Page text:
AP NEWS

South Dakota prison inmates make road signs, Braille books

October 21, 2019
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South Dakota roadway signs are created in the workshops in Pheasantland Industries on Friday, Sept. 27, 2019. Inmates at the South Dakota State Penitentiary make thousands of everyday items each year, from traffic tickets to sensory toys for children with special needs. About 245 are employed by Pheasantland Industries making 25 to 40 cents an hour. (Abigail Dollins/The Argus Leader via AP)
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South Dakota roadway signs are created in the workshops in Pheasantland Industries on Friday, Sept. 27, 2019. Inmates at the South Dakota State Penitentiary make thousands of everyday items each year, from traffic tickets to sensory toys for children with special needs. About 245 are employed by Pheasantland Industries making 25 to 40 cents an hour. (Abigail Dollins/The Argus Leader via AP)

SIOUX FALLS, S.D. (AP) — Inmates at the South Dakota State Penitentiary make thousands of everyday items each year, from traffic tickets to sensory toys for children with special needs. About 245 are employed by Pheasantland Industries making 25 to 40 cents an hour.

This year, the city also began hiring inmates to work for 25 cents an hour on a variety of projects, and both the city and Pheasantland say it’s a way for inmates to learn workplace skills, the Argus Leader reported.

“They’re trying to make positive changes in their lives, and I think they’re more valued as fellow citizens when they return to it,” said Stefany Bawek, director of Pheasantland.

Here’s a look at some products inmates placed in the Sioux Falls prison make within the Pheasantland’s seven workshops:

Braille textbooks: All of the braille in the South Dakota State Library comes from the workshop, as well as many textbooks used at the South Dakota School for the Blind and Visually Impaired, and master copies of tactile textbooks redistributed by the American Printing House across the United States. The workshop produced 4,980 textbook pages last fiscal year, Bawek said.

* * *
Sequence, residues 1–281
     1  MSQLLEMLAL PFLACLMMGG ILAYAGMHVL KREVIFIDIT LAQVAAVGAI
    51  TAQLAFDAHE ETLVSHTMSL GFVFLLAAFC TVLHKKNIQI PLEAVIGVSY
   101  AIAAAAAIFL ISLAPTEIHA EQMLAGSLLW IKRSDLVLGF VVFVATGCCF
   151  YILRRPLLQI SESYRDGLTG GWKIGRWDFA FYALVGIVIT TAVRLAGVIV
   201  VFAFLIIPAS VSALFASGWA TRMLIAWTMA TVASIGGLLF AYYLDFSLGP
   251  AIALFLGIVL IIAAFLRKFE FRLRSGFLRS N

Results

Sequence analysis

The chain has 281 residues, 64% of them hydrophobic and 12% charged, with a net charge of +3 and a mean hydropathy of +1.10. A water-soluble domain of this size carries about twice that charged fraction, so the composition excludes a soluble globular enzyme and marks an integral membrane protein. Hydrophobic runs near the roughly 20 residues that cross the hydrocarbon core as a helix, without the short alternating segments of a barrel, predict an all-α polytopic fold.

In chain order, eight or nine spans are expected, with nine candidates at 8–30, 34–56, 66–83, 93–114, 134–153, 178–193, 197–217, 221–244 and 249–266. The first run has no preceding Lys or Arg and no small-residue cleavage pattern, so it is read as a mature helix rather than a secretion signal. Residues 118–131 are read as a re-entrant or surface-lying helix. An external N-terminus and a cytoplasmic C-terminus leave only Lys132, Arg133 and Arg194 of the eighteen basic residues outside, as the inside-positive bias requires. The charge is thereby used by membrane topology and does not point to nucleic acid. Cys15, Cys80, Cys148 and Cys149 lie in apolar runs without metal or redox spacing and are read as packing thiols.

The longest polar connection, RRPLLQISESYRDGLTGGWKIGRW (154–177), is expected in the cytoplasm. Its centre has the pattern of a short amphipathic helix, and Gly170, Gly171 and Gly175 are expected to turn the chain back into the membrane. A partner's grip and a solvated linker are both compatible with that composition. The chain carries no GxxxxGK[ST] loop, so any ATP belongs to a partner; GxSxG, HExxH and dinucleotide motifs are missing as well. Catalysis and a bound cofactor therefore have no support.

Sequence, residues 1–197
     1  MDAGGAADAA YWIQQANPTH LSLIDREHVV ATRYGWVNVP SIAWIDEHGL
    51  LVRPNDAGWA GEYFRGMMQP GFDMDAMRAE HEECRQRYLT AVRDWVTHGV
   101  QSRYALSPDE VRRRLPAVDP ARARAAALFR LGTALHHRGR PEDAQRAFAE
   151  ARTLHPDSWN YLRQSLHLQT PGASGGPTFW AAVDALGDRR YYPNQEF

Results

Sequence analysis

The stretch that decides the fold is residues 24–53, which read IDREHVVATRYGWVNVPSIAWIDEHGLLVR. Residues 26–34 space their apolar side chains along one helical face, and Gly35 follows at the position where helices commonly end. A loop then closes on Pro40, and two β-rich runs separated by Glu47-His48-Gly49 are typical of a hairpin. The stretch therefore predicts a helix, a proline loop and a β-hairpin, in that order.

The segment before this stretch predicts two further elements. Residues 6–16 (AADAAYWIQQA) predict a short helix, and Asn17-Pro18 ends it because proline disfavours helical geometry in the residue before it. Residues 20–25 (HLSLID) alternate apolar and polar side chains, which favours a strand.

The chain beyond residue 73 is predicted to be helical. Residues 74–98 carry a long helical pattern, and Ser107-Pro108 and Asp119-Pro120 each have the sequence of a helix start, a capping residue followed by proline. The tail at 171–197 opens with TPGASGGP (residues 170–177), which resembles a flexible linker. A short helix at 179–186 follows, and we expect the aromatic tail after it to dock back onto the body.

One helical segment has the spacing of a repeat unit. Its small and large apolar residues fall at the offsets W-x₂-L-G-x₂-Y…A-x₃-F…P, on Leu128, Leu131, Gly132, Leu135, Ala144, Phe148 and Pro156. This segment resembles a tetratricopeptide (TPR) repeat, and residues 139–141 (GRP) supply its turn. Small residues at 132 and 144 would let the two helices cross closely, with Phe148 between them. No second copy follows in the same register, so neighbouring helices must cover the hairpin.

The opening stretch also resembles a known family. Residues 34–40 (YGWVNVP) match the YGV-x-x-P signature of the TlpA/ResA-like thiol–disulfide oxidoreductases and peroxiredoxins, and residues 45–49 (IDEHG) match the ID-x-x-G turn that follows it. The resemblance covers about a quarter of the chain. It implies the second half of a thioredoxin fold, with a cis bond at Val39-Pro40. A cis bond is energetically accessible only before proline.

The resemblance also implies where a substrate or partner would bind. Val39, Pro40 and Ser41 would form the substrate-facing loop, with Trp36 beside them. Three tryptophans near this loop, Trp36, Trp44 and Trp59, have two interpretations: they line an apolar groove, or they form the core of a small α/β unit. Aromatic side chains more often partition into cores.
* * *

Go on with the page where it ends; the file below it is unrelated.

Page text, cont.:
Educational tools: The Dinosaur Dig sandbox as well as the Mount Rushmore wall graphic at the Washington Pavilion are made by inmates at the prison.

House cabinetry: Inmates built cabinetry for houses in the Governor’s Housing Program, which is a program allowing low-income residents to buy homes at a reduced cost.

School desks: Inmates built commissioned school desks for the Pierre School District.

Toy airplanes: The toys are given to law enforcement officials to give to children as a community outreach effort.

Machinery: Prisoners have a hand in building the cells and gates that surround them in the penitentiary. They also build metal bunk beds, tables for the chow hall, bars and hand rails, as well as flammable storage cabinets used by the Department of Transportation.

Printing: Inmates print a variety of items including school planners, traffic tickets, utility bills and emergency flyers issued by the city or county. Inmates are also skilled in book binding, laser engraving, sublimation printing, as well as regular printing.

“Almost everyone has encountered something from this shop if they live in Sioux Falls,” Bawek said.

Signs: Almost all signs used by the South Dakota Department of Transportation are made by inmates, Bawek said. Interstate exit signs, stop signs, “Welcome to South Dakota” signs and even hiking trail signs are all made inside the penitentiary walls.

Football helmet decals: The workshop creates decals for Sioux Falls area high school football helmets, such as O’Gorman, Roosevelt and Brandon Valley High Schools

Adhesive vinyls: Schools in the Sioux Falls School District employ prisoners for their vinyl graphics.

License Plates: Inmates have been making license plates since 1913, shortly after motorized vehicles hit the streets in the United States.

Furry Friends: Bawek partnered with administrators at Harvey Dunn Elementary School to have prisoners make more affordable sensory items for children. Inmates have made 476 weighted, scented items called Furry Friends for educators and the South Dakota Department of Education.

Mattresses, pillows and towels: The items can be used inside the prison, but they are also used at the Children’s Home Society and other nonprofits in the state.

Padded rooms: Inmates helped create padded rooms used at Lifescape.

What’s next?

Eventually, Bawek said she’d like to get more customers outside of the penitentiary and expand the shops. One idea she has is to make gym equipment for local high schools, such as weight benches and pull up stands.

She’s also played with the idea of a dog grooming shop and a chemical shop, where inmates can mix cleaning solutions and other chemical products used by the state.

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Information from: Argus Leader, http://www.argusleader.com